Thanks to schlieren photography, cameras are able to see things our eyes normally miss -- like airwaves splitting around a car in a wind tunnel, for example. The technique works by forcing light through a very small opening to a recording medium, which means that even tiny fluctuations in this light -- such as those caused by the way it's bent by changing air pressure -- are captured. In fact, the word schlieren actually means "regions of a transparent medium, as of a flowing gas, that are visible because their densities are different from that of the bulk of the medium," according to The Free Dictionary.
While all of that's pretty interesting, what's even better is getting to see the principle in action. Here, the technique has been used by Royal Melbourne Institute of Technology (RMIT) lecturer Phred Peterson to show just what happens to the air around a match as it slowly sparks into a flame.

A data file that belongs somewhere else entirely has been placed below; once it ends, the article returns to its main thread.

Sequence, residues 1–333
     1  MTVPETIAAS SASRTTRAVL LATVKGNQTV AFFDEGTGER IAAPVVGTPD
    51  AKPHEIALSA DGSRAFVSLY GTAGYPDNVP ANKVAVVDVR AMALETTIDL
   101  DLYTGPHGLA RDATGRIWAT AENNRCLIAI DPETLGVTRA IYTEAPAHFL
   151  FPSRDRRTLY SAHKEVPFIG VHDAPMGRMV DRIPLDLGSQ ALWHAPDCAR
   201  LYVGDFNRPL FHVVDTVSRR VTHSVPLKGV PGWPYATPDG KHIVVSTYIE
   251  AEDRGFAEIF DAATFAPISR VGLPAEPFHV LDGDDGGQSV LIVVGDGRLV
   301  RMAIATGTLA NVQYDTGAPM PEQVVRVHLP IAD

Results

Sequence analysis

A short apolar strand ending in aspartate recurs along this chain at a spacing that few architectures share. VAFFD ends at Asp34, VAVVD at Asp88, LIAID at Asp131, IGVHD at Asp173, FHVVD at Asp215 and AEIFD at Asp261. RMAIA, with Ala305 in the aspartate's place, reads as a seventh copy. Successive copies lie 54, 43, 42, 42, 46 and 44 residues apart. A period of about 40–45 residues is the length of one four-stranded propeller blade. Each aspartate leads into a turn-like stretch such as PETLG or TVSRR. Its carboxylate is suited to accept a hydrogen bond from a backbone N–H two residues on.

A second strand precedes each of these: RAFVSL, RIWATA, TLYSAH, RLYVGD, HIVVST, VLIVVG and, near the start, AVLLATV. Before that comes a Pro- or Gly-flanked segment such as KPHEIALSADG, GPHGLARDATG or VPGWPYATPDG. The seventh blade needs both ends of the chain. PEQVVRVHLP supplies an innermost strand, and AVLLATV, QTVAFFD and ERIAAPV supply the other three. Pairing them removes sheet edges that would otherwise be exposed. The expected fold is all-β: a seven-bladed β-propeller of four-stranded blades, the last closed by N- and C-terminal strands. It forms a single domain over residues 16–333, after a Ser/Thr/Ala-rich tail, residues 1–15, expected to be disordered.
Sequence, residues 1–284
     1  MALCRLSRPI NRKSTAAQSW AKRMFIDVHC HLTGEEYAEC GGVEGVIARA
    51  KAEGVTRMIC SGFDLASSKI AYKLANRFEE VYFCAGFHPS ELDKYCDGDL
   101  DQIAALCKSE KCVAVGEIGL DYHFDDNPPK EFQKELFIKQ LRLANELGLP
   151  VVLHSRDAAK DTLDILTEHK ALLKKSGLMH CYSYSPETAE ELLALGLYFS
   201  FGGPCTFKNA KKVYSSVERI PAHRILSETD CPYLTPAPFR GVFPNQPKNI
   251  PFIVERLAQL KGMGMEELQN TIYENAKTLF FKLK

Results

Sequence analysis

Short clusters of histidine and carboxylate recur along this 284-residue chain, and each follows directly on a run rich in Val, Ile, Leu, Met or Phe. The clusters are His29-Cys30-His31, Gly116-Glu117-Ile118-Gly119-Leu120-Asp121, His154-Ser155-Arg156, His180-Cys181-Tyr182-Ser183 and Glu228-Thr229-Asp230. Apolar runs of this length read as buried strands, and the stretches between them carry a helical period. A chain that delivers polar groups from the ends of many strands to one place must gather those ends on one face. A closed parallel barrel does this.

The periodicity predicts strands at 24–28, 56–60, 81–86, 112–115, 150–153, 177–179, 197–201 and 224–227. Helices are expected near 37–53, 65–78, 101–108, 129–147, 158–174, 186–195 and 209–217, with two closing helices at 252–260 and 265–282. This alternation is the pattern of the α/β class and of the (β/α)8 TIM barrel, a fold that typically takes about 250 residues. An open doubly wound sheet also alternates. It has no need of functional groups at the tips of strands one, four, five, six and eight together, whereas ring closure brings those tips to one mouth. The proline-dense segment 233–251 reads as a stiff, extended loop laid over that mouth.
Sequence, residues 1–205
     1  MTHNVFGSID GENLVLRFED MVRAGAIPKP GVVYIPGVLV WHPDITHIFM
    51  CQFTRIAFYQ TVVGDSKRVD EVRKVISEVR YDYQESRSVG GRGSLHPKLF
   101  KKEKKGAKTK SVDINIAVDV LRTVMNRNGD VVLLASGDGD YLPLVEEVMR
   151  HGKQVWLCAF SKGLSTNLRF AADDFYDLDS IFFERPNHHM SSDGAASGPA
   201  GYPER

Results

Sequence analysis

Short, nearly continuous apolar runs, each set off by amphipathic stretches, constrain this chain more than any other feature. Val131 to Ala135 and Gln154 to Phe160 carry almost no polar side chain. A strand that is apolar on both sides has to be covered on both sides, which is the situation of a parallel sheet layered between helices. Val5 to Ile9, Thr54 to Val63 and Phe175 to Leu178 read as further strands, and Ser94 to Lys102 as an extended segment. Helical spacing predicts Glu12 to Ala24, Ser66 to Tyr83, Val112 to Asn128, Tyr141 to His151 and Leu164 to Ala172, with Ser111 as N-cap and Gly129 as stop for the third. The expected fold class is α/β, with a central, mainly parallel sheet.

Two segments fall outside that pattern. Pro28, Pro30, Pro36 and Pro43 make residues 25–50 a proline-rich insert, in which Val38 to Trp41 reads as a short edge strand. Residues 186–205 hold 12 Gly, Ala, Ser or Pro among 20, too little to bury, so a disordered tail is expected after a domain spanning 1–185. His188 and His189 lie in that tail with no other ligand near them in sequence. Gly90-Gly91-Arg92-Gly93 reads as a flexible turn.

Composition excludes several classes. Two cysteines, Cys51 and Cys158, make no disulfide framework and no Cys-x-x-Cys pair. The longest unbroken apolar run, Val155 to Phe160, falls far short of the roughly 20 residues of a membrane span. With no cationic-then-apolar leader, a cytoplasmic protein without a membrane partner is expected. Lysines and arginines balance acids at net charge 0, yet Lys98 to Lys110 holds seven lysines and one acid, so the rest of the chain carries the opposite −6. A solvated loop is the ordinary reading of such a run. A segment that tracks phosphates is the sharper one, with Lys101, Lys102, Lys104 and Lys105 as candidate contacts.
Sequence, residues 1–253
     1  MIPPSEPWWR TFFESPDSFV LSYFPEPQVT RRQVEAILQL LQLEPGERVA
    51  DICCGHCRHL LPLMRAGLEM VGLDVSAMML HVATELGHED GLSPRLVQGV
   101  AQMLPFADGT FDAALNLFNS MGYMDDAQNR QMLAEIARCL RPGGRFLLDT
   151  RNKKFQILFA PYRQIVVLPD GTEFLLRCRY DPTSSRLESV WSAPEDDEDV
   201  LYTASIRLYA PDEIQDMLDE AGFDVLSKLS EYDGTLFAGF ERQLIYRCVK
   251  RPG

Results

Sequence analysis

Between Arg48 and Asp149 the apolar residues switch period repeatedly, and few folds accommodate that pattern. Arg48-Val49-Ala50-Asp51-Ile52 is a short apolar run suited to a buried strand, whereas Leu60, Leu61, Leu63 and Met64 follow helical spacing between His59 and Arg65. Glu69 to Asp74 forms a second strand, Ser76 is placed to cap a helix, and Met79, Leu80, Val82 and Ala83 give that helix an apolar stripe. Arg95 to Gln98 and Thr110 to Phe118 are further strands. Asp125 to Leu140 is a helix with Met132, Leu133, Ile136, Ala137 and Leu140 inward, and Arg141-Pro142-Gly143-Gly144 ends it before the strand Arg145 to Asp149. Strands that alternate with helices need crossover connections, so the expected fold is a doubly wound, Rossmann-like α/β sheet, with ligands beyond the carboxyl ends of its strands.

The initial strike looks like a mushroom cloud as sparks spray out to the sides, disturbing the air around them. Then, as the match heats up, you can clearly see the hot air around it begin to rise. As the match comes into flame, it almost looks like the air currents are liquid -- sort of like what you'd see inside a lava lamp.
Of course, this isn't the first time schlieren photography has been used to capture remarkable images. The technique has been around since the early 1800s and a quick search on YouTube will bring up lots of fascinating videos, like this Science Channel segment posted by YouTuber cplai that details the process quite nicely and even shows what looks like a guy blow drying his hair with a flame thrower.
We also showed youback in 2008. But here's a warning: schlieren photos and videos are kind of addictive, so make sure you have some time to dive into the fascinating photographic technique, or your day might just go up in smoke.